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In ‘Accused,’ time works against one-off episodes

Andriah Bryan (left) and Abigail Breslin in "Accused."Robin Cymbaly/Fox

I’ve been watching “Accused,” the Fox series that was just renewed for a second season. On the show, each episode tells a completely different story, with a completely different cast, about a defendant on trial and how he or she wound up there. The stories include a man who retaliates against the man who abused his 10-year-old daughter, a Navajo man dealing with a traitor to his activism, and a mother whose son was killed in a school shooting facing an Alex Jones-like figure who denies her son’s death. The actors include Michael Chiklis, Rachel Bilson, Malcolm-Jamal Warner, Whitney Cummings, Molly Parker, and Margo Martindale.

The show, which airs Tuesdays at 9 p.m., offers something similar to “Law & Order” and its spinoffs: a case of the week and no need to be up-to-date on the story line. “Accused,” based on a BBC series, is even more self-standing than “Law & Order,” since none of the characters — cops, judges, lawyers — recur from week to week, and the issues at stake in each hour rarely repeat. While I do enjoy ongoing story lines that build across seasons, there are times when a one-off suits perfectly.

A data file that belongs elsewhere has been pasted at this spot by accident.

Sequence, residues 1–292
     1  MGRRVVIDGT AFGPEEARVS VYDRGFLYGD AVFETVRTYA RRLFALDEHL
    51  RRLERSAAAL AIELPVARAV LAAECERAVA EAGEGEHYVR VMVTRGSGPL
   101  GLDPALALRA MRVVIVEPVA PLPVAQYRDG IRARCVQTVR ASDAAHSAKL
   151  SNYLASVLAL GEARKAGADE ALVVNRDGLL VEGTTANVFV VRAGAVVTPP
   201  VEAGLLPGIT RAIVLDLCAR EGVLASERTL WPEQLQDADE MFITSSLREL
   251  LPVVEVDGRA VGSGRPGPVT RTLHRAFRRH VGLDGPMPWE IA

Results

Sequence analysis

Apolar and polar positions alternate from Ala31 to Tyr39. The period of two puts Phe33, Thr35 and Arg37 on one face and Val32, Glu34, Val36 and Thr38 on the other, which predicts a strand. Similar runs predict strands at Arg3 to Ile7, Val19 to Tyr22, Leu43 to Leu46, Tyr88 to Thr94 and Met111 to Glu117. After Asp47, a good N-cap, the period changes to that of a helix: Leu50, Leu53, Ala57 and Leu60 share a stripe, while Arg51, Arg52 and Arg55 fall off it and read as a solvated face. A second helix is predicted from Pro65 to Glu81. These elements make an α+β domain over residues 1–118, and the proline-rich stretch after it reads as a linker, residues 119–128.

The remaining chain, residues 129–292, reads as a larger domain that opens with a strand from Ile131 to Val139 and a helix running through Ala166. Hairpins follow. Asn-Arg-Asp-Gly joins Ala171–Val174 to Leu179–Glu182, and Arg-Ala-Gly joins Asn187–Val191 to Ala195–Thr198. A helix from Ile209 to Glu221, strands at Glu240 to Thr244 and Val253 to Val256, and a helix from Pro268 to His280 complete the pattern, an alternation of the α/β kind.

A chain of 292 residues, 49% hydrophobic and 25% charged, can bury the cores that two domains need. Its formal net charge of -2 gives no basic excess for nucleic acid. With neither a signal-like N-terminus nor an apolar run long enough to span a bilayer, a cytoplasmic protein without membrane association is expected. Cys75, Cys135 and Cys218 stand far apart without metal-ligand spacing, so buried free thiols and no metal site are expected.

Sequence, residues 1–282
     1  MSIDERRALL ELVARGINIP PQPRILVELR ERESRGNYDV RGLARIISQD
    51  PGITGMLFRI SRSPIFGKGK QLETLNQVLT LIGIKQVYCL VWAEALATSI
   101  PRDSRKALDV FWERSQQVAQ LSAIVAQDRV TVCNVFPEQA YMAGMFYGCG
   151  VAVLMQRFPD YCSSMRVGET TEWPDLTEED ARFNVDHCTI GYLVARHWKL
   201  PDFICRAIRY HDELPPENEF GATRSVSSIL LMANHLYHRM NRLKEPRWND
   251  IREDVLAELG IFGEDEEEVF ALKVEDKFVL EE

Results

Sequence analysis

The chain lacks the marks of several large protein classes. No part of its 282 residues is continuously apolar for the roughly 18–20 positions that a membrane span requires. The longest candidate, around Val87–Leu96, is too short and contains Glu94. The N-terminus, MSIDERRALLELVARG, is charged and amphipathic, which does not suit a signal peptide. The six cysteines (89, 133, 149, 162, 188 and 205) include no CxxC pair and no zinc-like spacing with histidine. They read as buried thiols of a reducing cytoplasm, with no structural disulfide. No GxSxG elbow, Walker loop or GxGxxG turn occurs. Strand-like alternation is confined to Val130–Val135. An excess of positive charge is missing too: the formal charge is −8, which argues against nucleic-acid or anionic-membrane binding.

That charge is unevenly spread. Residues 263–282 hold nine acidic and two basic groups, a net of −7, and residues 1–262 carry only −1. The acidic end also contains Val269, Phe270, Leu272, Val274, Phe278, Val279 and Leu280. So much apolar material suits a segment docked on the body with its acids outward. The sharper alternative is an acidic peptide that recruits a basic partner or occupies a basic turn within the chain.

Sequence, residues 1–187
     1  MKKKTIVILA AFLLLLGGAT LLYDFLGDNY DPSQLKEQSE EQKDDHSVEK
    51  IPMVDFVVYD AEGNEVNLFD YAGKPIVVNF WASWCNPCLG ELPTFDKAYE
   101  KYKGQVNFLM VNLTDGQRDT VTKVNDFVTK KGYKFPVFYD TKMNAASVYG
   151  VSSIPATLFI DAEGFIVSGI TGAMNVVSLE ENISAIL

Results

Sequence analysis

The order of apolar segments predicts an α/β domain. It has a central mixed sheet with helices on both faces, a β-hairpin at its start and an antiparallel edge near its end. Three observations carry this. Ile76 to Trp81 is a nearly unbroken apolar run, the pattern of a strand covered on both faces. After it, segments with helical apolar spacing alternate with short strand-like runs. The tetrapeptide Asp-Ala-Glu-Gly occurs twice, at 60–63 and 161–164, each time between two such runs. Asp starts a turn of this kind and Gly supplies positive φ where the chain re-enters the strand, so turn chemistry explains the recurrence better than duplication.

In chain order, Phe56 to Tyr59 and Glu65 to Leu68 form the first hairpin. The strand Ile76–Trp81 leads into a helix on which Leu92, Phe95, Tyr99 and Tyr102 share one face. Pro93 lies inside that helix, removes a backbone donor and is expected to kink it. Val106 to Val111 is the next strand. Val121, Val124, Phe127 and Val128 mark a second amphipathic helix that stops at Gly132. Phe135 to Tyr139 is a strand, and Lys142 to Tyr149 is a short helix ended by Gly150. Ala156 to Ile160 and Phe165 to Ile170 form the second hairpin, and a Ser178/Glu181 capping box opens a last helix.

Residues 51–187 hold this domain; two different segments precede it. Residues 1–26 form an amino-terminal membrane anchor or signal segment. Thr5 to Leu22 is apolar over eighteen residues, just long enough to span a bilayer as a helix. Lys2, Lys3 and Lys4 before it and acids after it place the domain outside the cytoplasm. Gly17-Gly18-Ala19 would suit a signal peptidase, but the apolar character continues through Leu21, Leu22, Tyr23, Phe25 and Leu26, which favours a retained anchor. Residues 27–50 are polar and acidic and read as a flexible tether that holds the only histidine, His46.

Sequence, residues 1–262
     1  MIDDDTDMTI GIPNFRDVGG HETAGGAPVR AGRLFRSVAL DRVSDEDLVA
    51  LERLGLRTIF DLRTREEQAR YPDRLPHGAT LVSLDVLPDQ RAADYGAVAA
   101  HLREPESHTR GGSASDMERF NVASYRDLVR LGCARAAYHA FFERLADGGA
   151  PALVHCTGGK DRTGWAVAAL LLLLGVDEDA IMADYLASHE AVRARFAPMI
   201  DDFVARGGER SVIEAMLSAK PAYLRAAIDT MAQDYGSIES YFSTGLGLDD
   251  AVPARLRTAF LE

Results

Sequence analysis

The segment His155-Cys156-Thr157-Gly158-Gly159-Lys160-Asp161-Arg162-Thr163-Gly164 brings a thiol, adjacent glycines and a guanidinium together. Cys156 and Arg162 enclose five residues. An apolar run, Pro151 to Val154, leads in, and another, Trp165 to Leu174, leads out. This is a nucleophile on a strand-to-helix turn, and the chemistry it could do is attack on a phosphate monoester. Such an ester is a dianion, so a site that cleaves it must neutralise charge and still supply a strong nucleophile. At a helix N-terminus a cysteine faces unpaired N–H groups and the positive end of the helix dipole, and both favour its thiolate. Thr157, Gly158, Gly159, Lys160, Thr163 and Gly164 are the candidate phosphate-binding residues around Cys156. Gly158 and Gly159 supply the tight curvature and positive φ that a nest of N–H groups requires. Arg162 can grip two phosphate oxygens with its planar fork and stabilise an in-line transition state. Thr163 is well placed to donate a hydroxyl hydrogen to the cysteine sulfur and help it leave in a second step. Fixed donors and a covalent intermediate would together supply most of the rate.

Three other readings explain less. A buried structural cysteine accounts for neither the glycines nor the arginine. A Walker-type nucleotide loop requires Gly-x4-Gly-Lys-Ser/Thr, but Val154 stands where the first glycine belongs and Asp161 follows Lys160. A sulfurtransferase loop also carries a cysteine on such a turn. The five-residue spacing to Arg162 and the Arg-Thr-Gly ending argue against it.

Alas, while I keep waiting for “Accused” to improve, I have been consistently disappointed. An hour — well, really, 40-something minutes — is not enough time to set up and look into some of the complex issues the writers are addressing. The episodes skim the surface, ambitious with the ideas — a father at extremes to prevent his violent son from commiting mass tragedy, a drag queen dealing with a closeted gay man, a teacher who helps a student get an abortion — but unable to do full justice to them. Many of the episodes deal with marginalized communities, which only adds to the need for a sophistication that’s largely missing in this well-intentioned drama.

Matthew Gilbert can be reached at Follow him @MatthewGilbert.